Worst play: on 2nd-and-13, Hasselbeck rolled right, tripped, and was sacked for a loss of six...the Burleson play is only the best because it was the only play on the three-and-out where there was no negative yardage
Result: punt

»» 3rd Arizona possession (from AZ 31)
Only play: Warner had Adam Bergen wide open deep, but Michael Boulware picked it off
Result: Seattle ball

2nd quarter
»» 4th Seattle possession (from SEA 38)
Best play: on a 3rd-and-10, Hasselbeck got Engram on a crossing route for 18 yards across midfield to the Arizona 33
Worst play: a 1st-and-10 play where Hasselbeck threw a bullet over the middle and nobody was there, possibly signaling miscommunication
Result: 30-yard Josh Brown field-goal attempt is blocked

»» 4th Arizona possession (from AZ 8)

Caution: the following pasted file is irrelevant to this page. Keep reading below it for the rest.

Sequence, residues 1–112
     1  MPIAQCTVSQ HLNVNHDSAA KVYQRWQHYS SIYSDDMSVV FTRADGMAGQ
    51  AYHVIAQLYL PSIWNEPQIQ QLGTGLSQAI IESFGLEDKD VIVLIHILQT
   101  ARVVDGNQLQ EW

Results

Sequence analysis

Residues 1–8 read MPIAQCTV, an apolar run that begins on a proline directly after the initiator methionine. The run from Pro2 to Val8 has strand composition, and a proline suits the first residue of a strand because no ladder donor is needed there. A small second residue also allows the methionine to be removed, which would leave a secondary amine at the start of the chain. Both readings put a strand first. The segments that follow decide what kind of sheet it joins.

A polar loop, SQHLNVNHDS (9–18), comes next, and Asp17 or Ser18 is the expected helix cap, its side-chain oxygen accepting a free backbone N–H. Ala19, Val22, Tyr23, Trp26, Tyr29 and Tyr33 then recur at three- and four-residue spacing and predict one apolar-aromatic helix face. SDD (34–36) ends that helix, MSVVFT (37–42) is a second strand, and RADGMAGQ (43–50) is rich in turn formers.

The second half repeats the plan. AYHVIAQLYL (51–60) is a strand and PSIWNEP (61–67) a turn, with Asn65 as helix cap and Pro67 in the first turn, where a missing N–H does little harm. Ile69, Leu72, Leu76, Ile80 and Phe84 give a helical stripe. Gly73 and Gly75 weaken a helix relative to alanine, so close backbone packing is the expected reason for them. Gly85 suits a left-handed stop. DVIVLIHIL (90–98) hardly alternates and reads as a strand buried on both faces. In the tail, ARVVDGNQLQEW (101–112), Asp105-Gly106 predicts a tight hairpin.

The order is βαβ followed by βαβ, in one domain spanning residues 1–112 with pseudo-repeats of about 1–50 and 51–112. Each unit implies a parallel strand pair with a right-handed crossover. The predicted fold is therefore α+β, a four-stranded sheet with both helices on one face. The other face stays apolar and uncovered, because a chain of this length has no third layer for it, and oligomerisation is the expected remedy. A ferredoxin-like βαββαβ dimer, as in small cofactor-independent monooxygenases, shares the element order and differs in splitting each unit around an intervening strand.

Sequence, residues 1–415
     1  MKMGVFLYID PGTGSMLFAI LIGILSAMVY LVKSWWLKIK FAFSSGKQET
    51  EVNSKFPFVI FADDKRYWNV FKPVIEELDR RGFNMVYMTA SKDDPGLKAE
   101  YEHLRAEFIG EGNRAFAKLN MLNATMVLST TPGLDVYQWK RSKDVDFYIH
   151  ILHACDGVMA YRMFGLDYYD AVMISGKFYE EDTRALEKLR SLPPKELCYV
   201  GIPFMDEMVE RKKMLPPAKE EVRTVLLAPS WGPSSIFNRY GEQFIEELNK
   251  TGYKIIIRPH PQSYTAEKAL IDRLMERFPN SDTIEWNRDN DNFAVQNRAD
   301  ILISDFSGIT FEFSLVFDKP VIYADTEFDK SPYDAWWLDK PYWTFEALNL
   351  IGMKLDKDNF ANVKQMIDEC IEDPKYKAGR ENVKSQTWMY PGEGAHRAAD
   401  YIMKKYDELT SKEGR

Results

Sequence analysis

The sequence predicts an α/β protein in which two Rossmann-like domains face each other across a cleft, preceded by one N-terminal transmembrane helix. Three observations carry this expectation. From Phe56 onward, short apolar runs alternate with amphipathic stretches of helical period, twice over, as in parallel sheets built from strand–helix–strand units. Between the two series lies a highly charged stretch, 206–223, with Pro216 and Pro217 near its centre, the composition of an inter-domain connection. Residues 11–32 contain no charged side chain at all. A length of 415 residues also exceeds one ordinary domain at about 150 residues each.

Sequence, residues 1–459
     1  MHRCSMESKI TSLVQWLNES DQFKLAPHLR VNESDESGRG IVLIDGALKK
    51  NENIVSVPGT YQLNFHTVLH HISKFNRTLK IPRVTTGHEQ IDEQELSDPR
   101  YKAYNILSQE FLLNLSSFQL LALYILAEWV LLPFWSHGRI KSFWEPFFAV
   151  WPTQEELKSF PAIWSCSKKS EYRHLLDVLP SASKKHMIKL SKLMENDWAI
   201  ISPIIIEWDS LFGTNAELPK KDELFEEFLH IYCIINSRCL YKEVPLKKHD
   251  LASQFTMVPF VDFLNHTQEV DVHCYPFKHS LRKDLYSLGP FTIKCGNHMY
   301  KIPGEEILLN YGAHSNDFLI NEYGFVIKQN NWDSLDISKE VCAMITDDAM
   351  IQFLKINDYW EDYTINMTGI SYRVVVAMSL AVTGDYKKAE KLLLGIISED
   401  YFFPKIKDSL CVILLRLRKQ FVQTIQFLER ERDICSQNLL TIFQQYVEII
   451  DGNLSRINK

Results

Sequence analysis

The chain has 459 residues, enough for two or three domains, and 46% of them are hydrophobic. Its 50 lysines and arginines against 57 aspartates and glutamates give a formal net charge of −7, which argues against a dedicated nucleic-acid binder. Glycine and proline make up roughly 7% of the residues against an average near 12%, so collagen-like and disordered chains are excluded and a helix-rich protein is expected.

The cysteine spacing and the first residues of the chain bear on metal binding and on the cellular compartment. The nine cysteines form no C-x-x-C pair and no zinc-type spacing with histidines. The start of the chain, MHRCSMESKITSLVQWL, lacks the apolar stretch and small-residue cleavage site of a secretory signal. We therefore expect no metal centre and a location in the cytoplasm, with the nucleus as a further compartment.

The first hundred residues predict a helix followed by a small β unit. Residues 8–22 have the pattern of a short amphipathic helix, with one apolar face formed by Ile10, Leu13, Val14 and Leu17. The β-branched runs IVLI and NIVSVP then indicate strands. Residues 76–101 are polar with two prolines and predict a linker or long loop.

Best play: on 3rd-and-17, Julian Peterson rolled up Warner on a backside blitz for a loss of nine
Worst play: the call on Hamlin's interference instead being called pass interference (he was covering Larry Fitzgerald); this nullified not only what would have been Seattle ball, it was also a 3rd-and-2 play
Result: punt

»» 5th Seattle possession (from SEA 36)
Best play: on the first play from scrimmage, Jackson for an 8-yard catch
Worst play: on 3rd-and-1, Mack Strong dropped a short pass
Result: punt

»» 5th Arizona possession (from AZ 21)
Best play: a pass to Troy Walters on the left side was caught, but he was stopped short of the chains on 3rd-and-8, though the Seahawks would have been able to accept an Arizona illegal formation penalty if it got worse
Worst play: the only other play for positive yardage, a four-yard stretch play for James
Result: punt

»» 6th Seattle possession (from SEA 38)
Best play: on the first play, Engram was wide open across midfield for a 25-yard gain
Worst play: Gerald Hayes picked off a pass intended for Itula Mili on 3rd-and-3
Result: three-and-out, but the out was an interception instead of a punt

»» 6th Arizona possession (from AZ 21)
Best play: James was hit in the backfield and only got a yard on a delayed handoff on first down